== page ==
Cpl. Dustin Roy Robert Joseph Wasden was one of three Canadian soldiers killed Wednesday. ((DND))

The Saskatchewan family of one of the Canadian soldiers killed in Afghanistan earlier this week is praising his generous nature and passion for his work.

Cpl. Dustin Wasden of the Spiritwood, Sask., area was one of three combat engineers killed by an improvised explosive device in southern Afghanistan on Wednesday. 

"There are no words to express how much Dustin will be missed by the family, his friends and the people who loved him and had the privilege to have known him in this life," the family said in a written statement released by the Department of National Defence on Friday.

"Dustin's beautiful spirit and enduring memory will forever remain in our hearts."

Also killed was Sgt. Shawn Eades, who's from Ontario, and Sapper Stephan Stock, who's from B.C.

Born in Prince Albert, Wasden grew up in the Spiritwood and Leoville area in the west-central part of the province.

The family described Wasden as a dedicated "soldier's soldier" who was also a caring family man, a loving husband and a wonderful father. Wasden leaves behind a wife, Shannon, and a young daughter, Mikayla.

"He loved being a soldier in the Canadian Forces, but he loved being an engineer even more," the statement said. "He was very proud to be an engineer and proud of the people he served with, and strongly believed in his contribution to the mission in Afghanistan. His passion for his work was endless."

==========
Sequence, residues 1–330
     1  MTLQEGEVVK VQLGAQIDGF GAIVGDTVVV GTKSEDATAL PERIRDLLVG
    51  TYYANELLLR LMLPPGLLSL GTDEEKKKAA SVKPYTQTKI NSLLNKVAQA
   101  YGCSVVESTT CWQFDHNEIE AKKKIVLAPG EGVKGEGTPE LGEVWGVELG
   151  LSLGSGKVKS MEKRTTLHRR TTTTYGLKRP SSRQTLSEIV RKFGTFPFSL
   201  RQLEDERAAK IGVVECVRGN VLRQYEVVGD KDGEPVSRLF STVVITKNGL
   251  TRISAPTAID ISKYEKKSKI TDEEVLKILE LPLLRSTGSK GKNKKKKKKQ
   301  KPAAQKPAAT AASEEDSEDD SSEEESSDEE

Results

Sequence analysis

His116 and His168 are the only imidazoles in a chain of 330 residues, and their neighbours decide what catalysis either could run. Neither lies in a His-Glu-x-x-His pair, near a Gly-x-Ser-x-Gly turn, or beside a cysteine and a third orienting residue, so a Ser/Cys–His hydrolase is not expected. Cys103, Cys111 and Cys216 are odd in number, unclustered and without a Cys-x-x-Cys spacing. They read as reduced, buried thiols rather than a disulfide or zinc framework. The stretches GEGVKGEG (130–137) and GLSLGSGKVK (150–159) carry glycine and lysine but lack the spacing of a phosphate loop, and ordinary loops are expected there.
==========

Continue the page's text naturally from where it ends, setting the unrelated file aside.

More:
Made people laugh

Among his comrades, Wasden was known for his knack for telling stories, his encyclopedic knowledge of music and lyrics and his ability to make people laugh, his family said.

The family said Wasden loved "Shoe Day" a regular occurrence where soldiers distributed shoes and other gifts to children in Afghanistan. "He insisted many times: 'Are we not here for the kids? Is that not why we are here?'"

His high school teacher in Spiritwood, Dave Hyndman, recalled that Wasden was popular and well-liked, although Hyndman thought joining the Army was an unusual choice because Wasden didn't like structure.

"It did surprise me somewhat, but you know, he had talked about it. And I figured, 'Well, yeah, they'll whip him into shape.'"

Wasden's uncle, Dwayne LePage, said while relatives supported Wasden's decision to go overseas, some questioned the mission.

"We don't feel it's right ... that war could go for a hundred years, you know," he said. "A lot of innocent Canadian kids are getting gunned down or bombed or whatever."

Since 2002, 93 Canadian soldiers have been killed during the Afghanistan mission.

Wasden was the second soldier from Saskatchewan to be killed this month.

Master Cpl. Josh Roberts of Saskatoon, who was with the Princess Patricia's Canadian Light Infantry, died on Aug. 9.

Eight of those who have died since 2002 were from Saskatchewan.